When Sandy Alomar, Sr., was a Met coach, he pulled down one of the commemorative Shea countdown numbers alongside his sons Roberto and Sandy, Jr., on Fathers Day. All three had been Mets, though one of them — Robbie — made a lasting impression in the wrong direction. As a non-Alomar in 2008, I wasn’t all that keen on Roberto Alomar being given any kind of Metsian honor. Yet somehow I don’t think Coach Sandy looked at the same person and saw a Met who seemed to tank upon his donning the orange, blue and black in 2002. He saw his son, period.

Hell, even über-Cub Randy Hundley was a Mets fan as long as Todd Hundley was a Met.

Blood (or adoption, in Mookie and Preston Wilson’s case) will always be thicker than the fabric the good folks at Stitches [2] use to produce game-ready Mets uniforms. Ron Davis’s spiel is OK. Mookie Wilson’s distasteful ski cap was OK. Sandy Alomar’s choice of number-removing companion was OK. And by the way, my dad, who always asks me about the Mets even though it’s hard to imagine him caring less about them, is OK, too. I mention that because Thursday was his 85th birthday.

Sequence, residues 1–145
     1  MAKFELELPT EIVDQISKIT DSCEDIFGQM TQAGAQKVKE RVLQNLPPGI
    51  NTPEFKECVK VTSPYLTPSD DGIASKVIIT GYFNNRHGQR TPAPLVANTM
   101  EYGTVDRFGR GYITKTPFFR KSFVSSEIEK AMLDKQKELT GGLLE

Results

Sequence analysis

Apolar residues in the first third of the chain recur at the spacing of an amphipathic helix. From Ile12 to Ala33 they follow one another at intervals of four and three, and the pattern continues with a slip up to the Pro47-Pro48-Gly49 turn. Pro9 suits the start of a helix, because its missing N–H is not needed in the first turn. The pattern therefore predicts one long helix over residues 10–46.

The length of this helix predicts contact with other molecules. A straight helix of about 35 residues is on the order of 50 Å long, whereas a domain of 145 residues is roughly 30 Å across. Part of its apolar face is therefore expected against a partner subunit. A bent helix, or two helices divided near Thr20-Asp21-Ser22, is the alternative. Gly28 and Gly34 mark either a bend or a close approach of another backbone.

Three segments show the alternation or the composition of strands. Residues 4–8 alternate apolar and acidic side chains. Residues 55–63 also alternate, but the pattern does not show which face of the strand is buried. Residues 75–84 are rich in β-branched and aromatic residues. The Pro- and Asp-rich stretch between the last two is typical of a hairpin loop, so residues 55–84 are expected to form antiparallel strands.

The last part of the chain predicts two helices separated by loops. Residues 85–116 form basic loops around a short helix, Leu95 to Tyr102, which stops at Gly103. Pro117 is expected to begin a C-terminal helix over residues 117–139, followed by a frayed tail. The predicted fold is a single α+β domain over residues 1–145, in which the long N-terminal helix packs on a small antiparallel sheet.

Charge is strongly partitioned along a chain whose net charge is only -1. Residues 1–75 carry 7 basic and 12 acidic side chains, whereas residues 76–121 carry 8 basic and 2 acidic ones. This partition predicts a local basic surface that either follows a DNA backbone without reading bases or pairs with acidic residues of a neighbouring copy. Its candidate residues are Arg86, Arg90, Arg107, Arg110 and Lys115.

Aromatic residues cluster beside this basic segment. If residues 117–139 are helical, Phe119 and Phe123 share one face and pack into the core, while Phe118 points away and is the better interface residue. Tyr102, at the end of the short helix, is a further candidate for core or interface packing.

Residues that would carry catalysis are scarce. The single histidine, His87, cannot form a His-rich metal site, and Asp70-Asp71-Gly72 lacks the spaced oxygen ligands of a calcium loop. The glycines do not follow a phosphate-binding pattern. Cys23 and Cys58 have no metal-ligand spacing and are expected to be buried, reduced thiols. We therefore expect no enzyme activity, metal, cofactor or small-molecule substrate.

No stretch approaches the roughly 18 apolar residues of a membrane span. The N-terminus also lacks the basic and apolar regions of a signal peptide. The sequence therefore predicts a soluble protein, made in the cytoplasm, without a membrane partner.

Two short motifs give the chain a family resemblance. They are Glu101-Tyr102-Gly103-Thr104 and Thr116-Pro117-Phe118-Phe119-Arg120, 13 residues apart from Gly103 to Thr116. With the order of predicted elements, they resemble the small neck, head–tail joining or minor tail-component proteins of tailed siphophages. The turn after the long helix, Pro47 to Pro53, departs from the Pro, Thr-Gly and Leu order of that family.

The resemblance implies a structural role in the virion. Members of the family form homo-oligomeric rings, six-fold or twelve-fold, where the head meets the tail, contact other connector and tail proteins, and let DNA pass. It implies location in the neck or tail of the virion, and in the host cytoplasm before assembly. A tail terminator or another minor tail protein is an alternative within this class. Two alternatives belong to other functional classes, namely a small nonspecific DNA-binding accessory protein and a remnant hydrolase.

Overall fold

Quite a number. Quite a guy.

As long as we’re on father-son terrain — and because my dad reminded me “we” (that is my family before I was born) lived a block away from the Hodgeses in Brooklyn — I want to acknowledge how genuinely gracious it was of Gil Hodges, Jr., to join us at the Queens Baseball Convention [3] for the presentation of the Gil Hodges Unforgettable Fire Award. Seeing as how this was the first QBC and there was no history behind this award, I appreciated that he took it on faith that our intentions were true. Not only did Gil show up to accept the award on behalf of his late father, he brought along his friend Art Shamsky, which overwhelmed the 7-year-old version of myself and was received pretty enthusiastically by the current iteration of yours truly.

Art Shamsky (speaking) and Gil Hodges, Jr., at QBC 14. (Photograph by Sharon Chapman.) [4]

Art Shamsky (speaking) and Gil Hodges, Jr., at QBC 14. (Photograph by Sharon Chapman.)